The North Carolina Premiere of Kenneth Frazelle’s The Motion of Stone set for April 9
Kenneth Frazelle’s The Motion of Stone for vocal soloist, chorus, and chamber orchestra, will receive its North Carolina premiere at UNCSA on Saturday, April 9, in Crawford Hall. James Allbritten will conduct the UNCSA Orchestra and Cantata Singers. Works by Mozart and Beethoven will also be performed.
Frazelle’s composition is based on the large-scale poem “Tombstones” by A.R. Ammons, one of America’s most noted poets. Ammons, who passed away in 2001, was originally born in North Carolina and had a longstanding relationship with Wake Forest University.
The Motion of Stone is in seven movements, and is a meditation on memorials and the impermanent universe. The work begins with the sound and image of chisels chipping into stone, finding names “the wind can’t blow away.”
One of Frazelle’s most ambitious works, it received its world premiere at the Isabella Stewart Gardner Museum in Boston in 1998. The piece was also commissioned by the Gardner, in fulfillment of the composer’s month-long residency at the museum. Frazelle also worked on the project at the American Academy in Rome. A review in the Boston Globe stated “the final movement swelled to a great dance of enlightenment and bliss, causing the audience to rise in a standing ovation.” The American-Academy and Institute of Arts and Letters presented the composer with an award in 2000 and spoke of the composition as “sweeping and powerful, invoking the grandeur of the past.”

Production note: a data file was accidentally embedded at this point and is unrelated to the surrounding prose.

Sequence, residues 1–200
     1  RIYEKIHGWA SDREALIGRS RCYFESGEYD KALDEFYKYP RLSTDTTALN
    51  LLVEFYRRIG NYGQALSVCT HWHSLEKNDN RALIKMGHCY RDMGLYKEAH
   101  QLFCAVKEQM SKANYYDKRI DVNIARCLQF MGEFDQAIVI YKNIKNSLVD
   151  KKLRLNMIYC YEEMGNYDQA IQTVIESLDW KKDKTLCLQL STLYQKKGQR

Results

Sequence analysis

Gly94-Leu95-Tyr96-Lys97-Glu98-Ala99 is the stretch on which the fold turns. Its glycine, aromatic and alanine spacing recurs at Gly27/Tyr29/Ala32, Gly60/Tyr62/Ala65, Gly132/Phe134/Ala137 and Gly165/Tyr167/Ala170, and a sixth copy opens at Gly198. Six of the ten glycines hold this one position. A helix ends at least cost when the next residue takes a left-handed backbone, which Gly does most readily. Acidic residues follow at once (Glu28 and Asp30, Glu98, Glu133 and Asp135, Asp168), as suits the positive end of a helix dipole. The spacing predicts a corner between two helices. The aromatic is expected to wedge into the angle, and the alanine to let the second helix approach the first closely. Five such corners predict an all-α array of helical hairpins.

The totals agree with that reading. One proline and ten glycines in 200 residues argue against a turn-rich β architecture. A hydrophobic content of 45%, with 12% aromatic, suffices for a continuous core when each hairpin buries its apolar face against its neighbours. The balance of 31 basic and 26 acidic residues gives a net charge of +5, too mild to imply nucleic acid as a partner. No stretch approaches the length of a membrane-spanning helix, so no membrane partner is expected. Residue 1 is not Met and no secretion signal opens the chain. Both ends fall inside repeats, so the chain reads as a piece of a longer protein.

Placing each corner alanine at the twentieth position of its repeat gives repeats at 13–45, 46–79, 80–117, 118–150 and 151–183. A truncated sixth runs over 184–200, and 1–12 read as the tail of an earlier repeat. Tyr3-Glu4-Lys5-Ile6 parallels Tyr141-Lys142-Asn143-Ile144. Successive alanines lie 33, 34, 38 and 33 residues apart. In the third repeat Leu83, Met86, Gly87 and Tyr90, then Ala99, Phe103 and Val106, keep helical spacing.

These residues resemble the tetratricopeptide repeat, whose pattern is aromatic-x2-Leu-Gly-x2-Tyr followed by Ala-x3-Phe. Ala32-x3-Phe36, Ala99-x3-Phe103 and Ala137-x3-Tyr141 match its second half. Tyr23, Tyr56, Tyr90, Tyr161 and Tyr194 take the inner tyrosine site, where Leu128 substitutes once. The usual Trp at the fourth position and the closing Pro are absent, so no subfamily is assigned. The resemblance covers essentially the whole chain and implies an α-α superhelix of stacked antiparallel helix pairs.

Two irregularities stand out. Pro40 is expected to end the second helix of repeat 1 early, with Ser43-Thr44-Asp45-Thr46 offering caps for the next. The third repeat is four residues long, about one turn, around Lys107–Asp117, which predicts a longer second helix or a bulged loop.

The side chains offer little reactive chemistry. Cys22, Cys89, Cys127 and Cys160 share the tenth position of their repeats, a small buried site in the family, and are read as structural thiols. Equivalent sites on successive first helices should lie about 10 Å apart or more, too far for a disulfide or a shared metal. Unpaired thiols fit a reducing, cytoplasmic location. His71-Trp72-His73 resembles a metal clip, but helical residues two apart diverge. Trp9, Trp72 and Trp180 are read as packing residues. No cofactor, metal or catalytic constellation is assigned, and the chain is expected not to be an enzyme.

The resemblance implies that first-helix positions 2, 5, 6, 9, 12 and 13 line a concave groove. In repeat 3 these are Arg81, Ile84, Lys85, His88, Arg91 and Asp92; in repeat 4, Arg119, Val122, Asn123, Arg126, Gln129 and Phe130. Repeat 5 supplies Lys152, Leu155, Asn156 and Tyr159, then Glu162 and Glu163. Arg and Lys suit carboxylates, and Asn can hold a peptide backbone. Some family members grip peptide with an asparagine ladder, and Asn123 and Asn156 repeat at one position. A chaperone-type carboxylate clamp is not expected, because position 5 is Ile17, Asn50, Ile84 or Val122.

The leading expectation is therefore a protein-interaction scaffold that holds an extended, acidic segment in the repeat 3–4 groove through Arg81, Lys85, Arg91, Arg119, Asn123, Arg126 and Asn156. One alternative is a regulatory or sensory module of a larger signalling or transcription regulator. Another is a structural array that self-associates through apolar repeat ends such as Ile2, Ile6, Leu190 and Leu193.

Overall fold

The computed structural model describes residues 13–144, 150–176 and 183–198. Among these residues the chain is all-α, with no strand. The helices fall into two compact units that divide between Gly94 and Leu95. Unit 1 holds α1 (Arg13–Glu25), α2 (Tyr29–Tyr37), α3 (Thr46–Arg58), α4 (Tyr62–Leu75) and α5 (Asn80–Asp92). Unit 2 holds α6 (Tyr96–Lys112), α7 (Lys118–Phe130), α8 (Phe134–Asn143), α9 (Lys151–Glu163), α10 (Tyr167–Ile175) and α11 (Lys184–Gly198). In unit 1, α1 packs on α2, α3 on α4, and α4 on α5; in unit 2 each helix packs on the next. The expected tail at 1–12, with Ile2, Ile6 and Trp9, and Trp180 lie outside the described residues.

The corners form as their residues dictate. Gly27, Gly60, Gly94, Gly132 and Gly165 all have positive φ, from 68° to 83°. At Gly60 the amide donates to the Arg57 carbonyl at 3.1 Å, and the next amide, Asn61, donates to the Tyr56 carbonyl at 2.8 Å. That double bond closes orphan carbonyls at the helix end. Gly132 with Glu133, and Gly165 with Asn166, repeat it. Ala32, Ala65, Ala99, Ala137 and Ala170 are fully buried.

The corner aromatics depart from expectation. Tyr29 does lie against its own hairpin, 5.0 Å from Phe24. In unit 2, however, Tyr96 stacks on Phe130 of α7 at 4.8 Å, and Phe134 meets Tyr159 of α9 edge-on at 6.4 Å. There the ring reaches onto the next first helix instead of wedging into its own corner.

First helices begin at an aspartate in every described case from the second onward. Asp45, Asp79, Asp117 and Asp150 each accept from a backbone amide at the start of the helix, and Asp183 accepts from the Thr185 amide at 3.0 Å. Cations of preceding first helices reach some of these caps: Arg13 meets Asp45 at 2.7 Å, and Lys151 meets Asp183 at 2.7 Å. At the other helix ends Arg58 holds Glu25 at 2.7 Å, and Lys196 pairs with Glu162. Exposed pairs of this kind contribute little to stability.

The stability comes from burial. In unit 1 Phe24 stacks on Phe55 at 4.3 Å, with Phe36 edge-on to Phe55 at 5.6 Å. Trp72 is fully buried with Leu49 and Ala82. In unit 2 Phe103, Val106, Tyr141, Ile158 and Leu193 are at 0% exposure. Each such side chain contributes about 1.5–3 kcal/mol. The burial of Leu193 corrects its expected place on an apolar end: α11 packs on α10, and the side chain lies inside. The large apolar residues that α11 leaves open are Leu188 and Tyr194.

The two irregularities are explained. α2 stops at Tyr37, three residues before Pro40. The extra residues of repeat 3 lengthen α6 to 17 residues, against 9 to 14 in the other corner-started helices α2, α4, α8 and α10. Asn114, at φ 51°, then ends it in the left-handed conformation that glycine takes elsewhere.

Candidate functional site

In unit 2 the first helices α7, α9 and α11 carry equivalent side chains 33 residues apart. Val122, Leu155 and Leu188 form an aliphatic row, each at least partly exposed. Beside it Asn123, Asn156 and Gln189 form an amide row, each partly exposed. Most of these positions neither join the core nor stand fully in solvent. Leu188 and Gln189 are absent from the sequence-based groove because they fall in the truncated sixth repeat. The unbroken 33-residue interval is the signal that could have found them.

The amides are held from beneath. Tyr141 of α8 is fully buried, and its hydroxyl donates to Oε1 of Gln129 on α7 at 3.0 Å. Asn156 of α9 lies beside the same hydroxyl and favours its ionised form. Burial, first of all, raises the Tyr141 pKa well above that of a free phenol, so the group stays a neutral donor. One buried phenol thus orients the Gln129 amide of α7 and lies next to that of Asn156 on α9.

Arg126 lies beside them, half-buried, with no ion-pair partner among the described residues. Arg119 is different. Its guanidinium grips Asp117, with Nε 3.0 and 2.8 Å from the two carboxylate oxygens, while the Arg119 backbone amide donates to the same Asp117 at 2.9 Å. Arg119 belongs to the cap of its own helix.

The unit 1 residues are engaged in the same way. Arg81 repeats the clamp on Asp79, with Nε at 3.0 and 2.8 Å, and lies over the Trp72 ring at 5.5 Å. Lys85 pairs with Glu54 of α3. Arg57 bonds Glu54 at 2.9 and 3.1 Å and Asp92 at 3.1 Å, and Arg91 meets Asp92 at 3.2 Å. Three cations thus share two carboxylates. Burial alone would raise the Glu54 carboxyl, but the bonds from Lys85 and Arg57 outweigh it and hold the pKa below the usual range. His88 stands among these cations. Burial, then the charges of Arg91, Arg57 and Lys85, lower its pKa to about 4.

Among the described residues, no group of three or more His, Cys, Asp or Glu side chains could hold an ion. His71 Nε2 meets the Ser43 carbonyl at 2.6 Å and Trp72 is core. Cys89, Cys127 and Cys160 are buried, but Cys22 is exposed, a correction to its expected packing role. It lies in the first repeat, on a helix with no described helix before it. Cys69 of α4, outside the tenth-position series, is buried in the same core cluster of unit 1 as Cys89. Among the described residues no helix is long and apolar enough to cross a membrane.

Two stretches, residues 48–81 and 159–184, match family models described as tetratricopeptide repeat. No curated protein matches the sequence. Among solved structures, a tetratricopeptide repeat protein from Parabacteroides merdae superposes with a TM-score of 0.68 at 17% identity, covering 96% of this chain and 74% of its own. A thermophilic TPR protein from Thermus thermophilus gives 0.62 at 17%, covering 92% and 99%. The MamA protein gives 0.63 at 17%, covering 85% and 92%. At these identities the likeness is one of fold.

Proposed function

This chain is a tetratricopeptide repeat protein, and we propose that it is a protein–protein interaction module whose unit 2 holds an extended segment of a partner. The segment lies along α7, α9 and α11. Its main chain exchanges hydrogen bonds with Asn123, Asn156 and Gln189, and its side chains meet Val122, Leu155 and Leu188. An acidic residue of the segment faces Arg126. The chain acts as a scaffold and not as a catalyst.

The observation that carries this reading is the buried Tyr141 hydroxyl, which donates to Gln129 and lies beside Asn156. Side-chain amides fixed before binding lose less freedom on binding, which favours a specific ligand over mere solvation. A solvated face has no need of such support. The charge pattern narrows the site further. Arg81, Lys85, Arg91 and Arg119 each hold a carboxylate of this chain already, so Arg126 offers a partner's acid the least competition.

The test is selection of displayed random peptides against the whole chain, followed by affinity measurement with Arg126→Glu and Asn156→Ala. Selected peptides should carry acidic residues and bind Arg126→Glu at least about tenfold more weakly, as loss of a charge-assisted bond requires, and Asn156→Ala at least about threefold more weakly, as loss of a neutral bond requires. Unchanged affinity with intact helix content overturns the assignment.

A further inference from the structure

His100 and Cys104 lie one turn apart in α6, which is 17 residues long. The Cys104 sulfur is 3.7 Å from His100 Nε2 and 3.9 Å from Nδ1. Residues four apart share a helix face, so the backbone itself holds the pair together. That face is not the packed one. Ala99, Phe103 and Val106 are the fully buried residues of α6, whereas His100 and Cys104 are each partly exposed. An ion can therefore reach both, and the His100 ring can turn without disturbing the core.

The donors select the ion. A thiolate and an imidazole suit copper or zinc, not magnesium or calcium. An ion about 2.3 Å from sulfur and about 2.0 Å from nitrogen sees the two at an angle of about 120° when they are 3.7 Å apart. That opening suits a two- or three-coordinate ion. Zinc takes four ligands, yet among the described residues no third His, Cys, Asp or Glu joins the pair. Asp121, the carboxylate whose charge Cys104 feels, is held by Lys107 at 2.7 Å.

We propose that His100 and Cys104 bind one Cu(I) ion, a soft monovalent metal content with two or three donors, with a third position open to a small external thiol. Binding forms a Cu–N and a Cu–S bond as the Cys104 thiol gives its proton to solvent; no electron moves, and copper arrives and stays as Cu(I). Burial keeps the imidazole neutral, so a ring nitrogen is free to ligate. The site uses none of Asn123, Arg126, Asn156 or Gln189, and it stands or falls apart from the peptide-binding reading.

Kenneth Frazelle is a composer whose music, according to The San Francisco Examiner, “came straight from—and went straight to—the heart, an organ too seldom addressed by contemporary composers.” Frazelle’s distinctive voice blends structural and tonal sophistication with a lyrical clarity; he has been influenced not only by his study with the great modernist Roger Sessions, but also by the folk songs and fiddle tunes of his native North Carolina.
“The range of his (Kenneth Frazelle’s) invention and technical brilliance is apparently inexhaustible and is accompanied by a profound depth of song or feeling. The poise of that kind of forwarding can produce the highest sense of aesthetic completion.” – A.R. Ammons